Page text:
For a long time, damages employees received under theweren’t considered taxable because courts read the FMLA’s unique damages provision—which mandates damages equal to lost pay—as not being the same as taxable back pay. A federal trial court has now turned this reasoning on its head and ruled that FMLA lost-pay damages are, indeed, subject to income and FICA taxes. (Cheetham v. CSX Transportation, No. 3:06-cv-704-J-PAM-TEM, D.C. Fla., 2012)
A jury awarded an employee $265,655 in total damages forunder the FMLA, $199,056 of which was attributed to lost wages. The issue was whether the employer should withhold from the award.
The employee said no, relying on those prior cases. The employer said yes, pointing to tax penalties for failing to withhold.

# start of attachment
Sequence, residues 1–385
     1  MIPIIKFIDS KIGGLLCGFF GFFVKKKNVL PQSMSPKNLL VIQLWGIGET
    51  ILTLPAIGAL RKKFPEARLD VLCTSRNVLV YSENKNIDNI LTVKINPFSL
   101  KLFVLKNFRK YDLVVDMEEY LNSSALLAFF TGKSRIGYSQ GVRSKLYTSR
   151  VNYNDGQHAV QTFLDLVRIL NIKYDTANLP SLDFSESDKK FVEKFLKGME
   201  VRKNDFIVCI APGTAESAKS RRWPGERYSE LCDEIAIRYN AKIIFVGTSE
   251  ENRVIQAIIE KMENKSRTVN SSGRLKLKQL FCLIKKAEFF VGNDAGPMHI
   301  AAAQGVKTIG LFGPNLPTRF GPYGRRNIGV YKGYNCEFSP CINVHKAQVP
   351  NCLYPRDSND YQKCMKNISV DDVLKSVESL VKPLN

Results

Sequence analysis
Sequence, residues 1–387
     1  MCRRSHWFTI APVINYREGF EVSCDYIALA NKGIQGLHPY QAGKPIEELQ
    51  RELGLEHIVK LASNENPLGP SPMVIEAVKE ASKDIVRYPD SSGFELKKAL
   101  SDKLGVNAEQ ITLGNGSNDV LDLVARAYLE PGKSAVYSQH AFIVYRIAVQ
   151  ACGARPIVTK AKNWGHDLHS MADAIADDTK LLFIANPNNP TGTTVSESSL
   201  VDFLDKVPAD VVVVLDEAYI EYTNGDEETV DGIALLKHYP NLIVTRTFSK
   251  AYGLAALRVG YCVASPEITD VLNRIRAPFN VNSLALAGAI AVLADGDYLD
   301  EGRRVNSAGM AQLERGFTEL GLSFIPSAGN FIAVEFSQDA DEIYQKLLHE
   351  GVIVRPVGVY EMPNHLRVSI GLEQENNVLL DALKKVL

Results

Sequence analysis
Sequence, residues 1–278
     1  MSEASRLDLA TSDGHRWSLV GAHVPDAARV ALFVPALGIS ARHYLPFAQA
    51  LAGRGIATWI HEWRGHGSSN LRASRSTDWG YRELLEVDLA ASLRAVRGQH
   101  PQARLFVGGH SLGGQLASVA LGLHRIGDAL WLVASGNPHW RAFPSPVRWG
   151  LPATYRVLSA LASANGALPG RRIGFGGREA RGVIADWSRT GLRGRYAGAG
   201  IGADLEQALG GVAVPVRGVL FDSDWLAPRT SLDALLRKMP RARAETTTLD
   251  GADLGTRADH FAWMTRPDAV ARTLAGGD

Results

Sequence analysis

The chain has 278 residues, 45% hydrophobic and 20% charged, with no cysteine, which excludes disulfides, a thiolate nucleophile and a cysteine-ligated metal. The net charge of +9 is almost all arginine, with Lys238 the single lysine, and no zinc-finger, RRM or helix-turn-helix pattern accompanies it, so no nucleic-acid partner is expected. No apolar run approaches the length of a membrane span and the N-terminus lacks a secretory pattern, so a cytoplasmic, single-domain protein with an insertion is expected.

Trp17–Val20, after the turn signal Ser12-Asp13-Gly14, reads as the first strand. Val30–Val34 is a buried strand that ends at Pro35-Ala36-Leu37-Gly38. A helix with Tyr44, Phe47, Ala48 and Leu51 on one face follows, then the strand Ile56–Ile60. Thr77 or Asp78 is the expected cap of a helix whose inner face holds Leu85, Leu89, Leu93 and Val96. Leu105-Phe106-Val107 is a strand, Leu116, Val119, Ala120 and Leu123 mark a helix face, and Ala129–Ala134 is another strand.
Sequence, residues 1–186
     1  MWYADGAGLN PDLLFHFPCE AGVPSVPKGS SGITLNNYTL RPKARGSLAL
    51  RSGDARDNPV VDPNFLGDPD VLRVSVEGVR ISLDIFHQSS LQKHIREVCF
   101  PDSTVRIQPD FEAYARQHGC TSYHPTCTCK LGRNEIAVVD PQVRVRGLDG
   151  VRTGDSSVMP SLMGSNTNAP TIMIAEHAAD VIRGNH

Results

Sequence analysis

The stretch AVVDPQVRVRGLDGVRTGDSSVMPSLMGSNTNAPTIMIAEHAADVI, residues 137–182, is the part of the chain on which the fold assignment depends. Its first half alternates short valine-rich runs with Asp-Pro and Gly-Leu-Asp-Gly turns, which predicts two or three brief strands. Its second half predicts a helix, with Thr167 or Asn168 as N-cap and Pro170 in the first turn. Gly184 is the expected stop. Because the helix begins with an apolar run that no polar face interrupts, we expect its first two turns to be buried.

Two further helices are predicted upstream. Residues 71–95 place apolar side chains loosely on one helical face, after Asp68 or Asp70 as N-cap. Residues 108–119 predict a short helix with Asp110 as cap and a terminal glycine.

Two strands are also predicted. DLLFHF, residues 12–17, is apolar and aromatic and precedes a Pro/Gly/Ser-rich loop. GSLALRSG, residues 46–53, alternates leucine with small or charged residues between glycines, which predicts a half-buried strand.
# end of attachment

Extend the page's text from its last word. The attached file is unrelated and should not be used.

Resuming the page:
The trial court, caught between the two, did something the other courts never did: It asked the IRS to weigh in on the matter by filing a friend-of-the-court brief.
The IRS, of course, concluded that damages for lost wages were subject to withholding, and that the employer would be liable if it didn’t withhold. That was enough for the court.
Court: The FMLA’s damages provision states that an employee may receive three types of damages: lost wages or actual monetary damages, interest and liquidated damages. The most logical interpretation is that “damages equal to lost wages” acknowledges the fact that three amounts can be added together to arrive at a total award, not that damages equal to lost wages are unique and not subject to payroll taxes.
PAYROLL PRACTICE TIP: When analyzing a back pay award under any employment law, look at the allocations for back pay, compensatory damages, attorneys’ fees, etc. Next, determine whether the company is liable for the entire award or whether managers are individually liable. Amounts attributable to lost wages, which is corporate liability, are subject to withholding. Amounts attributable to managers’ liability may be taxable, but aren’t subject to withholding.